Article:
18 February 2010
Hospitals with stronger management have better clinical results, according to a London School of Economics study.
The LSE’s Centre for Economic Performance found that management was better where more senior staff had clinical backgrounds – and could communicate effectively with medical and nursing staff – and where there was greater competition from neighbouring NHS trusts.
The centre’s research, covering more than 60% of England’s acute hospitals, was published today.
It notes that: ‘All else equal, hospitals located in marginal [electoral] constituencies are much less likely to be closed than hospitals in safe seats.’ This created a ‘natural experiment’, allowing areas with more hospitals to be compared with ‘near-identical areas’ with fewer neighbouring hospitals.
Competition had ‘a large effect in improving managerial quality in hospitals’, the researchers found. This could be produced by a more competitive labour market for senior staff or through competition for patients in line with the government’s ‘quasi-market’ reforms.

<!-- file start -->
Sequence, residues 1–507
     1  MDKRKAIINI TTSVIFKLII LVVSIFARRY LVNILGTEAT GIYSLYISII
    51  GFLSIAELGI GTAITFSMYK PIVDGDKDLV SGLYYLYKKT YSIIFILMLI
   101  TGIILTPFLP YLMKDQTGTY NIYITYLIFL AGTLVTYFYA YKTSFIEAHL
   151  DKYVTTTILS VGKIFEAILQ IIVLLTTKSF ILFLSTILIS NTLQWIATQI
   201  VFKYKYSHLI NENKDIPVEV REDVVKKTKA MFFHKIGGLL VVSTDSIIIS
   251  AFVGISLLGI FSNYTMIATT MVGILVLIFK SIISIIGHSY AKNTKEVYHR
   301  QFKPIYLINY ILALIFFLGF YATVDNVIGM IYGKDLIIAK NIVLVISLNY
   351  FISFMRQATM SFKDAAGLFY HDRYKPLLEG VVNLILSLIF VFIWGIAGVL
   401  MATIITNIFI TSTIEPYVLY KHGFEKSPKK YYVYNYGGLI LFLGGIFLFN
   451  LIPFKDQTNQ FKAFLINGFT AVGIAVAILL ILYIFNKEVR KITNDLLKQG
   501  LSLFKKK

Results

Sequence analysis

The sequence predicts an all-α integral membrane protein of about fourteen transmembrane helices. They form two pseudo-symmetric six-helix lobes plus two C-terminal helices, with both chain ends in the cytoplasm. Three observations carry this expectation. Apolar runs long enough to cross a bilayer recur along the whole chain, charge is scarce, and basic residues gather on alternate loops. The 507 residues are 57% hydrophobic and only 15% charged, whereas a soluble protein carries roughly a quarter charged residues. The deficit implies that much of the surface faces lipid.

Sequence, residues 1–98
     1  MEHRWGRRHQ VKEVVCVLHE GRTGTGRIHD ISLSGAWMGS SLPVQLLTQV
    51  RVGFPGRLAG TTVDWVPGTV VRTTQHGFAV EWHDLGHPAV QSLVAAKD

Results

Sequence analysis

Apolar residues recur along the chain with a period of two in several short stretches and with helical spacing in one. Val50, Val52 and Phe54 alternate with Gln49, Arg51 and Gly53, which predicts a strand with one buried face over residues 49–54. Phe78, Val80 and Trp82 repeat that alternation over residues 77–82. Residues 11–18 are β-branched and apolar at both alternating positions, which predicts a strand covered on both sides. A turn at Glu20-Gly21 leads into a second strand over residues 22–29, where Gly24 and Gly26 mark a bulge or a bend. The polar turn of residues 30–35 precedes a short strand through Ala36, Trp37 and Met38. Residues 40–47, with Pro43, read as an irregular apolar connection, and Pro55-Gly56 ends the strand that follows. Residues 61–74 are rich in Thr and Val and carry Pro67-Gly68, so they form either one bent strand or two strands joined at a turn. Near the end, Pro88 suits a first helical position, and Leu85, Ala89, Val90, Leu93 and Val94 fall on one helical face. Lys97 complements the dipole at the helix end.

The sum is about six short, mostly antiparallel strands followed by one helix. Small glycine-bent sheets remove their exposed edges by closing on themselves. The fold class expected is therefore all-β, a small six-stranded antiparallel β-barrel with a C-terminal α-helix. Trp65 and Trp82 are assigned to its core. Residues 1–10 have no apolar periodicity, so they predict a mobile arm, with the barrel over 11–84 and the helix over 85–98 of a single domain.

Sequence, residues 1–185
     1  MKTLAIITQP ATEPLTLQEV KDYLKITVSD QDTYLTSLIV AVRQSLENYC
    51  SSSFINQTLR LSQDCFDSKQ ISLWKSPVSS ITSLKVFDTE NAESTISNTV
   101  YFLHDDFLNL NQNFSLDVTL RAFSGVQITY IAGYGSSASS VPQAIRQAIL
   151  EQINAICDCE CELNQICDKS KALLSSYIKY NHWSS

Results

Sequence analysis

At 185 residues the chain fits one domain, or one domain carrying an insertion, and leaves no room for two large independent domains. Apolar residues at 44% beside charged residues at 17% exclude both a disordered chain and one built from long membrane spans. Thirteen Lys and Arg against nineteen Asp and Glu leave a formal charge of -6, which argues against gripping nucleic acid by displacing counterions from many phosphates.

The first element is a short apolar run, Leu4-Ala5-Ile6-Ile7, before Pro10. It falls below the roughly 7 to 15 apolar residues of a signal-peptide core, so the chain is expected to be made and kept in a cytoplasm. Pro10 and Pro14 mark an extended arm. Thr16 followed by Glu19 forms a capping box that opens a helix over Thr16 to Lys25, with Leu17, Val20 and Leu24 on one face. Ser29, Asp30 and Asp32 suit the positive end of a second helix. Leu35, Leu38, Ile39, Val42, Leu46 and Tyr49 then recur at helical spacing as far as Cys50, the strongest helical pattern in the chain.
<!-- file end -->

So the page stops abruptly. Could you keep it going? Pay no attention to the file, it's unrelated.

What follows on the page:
‘Whatever the exact mechanism, having more local rivals does appear to have advantages for management and patient care,’ the study says.
The difference in patient outcomes was marked in hospitals with better management, the researchers say. ‘A one-standard deviation improvement in management is associated with a fall in the death rate from heart attacks from 17% to 16%.’ This would mean around 400 fewer heart attack deaths a year in the research sample.
NHS Confederation policy lead Joe Farrington-Douglas said the research highlighted the need to retain good management practice if the NHS was to ‘make it through the downturn’.
CEP director John Van Reenen told Public Finance: ‘Getting management right might cost a little bit in terms of getting your act together. But it’s not about having more managers. It’s what you do with your managerial time.’
He warned that human resources measures such as appraisal systems, aimed at retaining the best managers, might be squeezed by cost pressures, which ‘would be a bad thing’.
Van Reenen acknowledged that hospitals in rural and isolated areas would always have less local competition. ‘If you want to improve management there, you have to look at the other ways,’ he said.